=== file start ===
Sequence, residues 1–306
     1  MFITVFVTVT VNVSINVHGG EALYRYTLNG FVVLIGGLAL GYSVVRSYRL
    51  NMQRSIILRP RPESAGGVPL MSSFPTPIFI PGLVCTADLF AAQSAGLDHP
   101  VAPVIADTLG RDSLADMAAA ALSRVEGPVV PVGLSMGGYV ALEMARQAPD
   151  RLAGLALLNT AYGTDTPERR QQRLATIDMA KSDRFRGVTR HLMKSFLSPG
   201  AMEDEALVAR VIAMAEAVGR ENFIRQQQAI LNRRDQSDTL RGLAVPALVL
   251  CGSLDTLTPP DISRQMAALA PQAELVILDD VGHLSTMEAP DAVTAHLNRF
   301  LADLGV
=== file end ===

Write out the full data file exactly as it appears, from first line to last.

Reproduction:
Sequence, residues 1–306
     1  MFITVFVTVT VNVSINVHGG EALYRYTLNG FVVLIGGLAL GYSVVRSYRL
    51  NMQRSIILRP RPESAGGVPL MSSFPTPIFI PGLVCTADLF AAQSAGLDHP
   101  VAPVIADTLG RDSLADMAAA ALSRVEGPVV PVGLSMGGYV ALEMARQAPD
   151  RLAGLALLNT AYGTDTPERR QQRLATIDMA KSDRFRGVTR HLMKSFLSPG
   201  AMEDEALVAR VIAMAEAVGR ENFIRQQQAI LNRRDQSDTL RGLAVPALVL
   251  CGSLDTLTPP DISRQMAALA PQAELVILDD VGHLSTMEAP DAVTAHLNRF
   301  LADLGV